The 84th Annual Meeting of the American Association of Physical Anthropologists (2015)


Miombo woodlands and early hominins: A comparison of carbonate stable isotope data from modern Koobi Fora and 3.97Ma Allia Bay fauna

MELANIE M. BEASLEY and MARGARET J. SCHOENINGER.

Department of Anthropology, UC, San Diego

March 26, 2015 1:30, Grand Ballroom C Add to calendar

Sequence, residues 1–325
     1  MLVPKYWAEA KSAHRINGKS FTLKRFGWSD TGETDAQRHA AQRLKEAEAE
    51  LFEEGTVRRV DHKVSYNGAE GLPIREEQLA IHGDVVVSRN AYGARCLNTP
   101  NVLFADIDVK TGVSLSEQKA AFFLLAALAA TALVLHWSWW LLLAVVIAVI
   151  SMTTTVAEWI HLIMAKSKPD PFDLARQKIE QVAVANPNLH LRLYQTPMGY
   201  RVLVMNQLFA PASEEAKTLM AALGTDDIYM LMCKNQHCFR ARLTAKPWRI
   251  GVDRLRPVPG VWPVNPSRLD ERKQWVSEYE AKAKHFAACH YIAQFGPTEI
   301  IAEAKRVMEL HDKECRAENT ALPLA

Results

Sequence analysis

The ecological niche exploited by early hominins is assumed to have played an essential role in the origins of bipedalism, a distinguishing characteristic of hominins. Reconstructing the paleoenvironment at early hominin sites is essential for understanding the selective forces that resulted in such a significant morphological change. This study focuses on Allia Bay, Kenya (site 261-1, 3.97 Ma) where Australopithecus anamensis, the earliest obligate biped, is found associated with fossil hippos, elephants, giraffes, suids, deinotheres, and bovids. An early pilot study (Schoeninger et al., 2003, JAA 22:200-207) suggested that the region was more mesic than today with an environment similar to modern miombo woodlands. Here we present new bulk stable carbon and oxygen isotope data of tooth enamel of 50 fossil fauna from Allia Bay and bone carbonate from 156 modern fauna collected within the larger Koobi Fora basin. After applying correction factors (i.e., Suess effect, converting bone to enamel values), the fossil fauna have lower oxygen values and lower carbon isotope values compared to the modern fauna. The carbon isotope data may indicate minor diagenetic alteration (Schoeninger et al., 2003, IJO, 13:11-19), which we are currently investigating further with new analytical techniques. The oxygen isotope data indicate a wetter paleoenvironment with more tree cover compared to the modern Koobi Fora basin. Our results support the proposal that selection for bipedalism in Au. anamensis originated in an environment similar to modern miombo woodlands, which are wetter than the modern day Koobi Fora basin.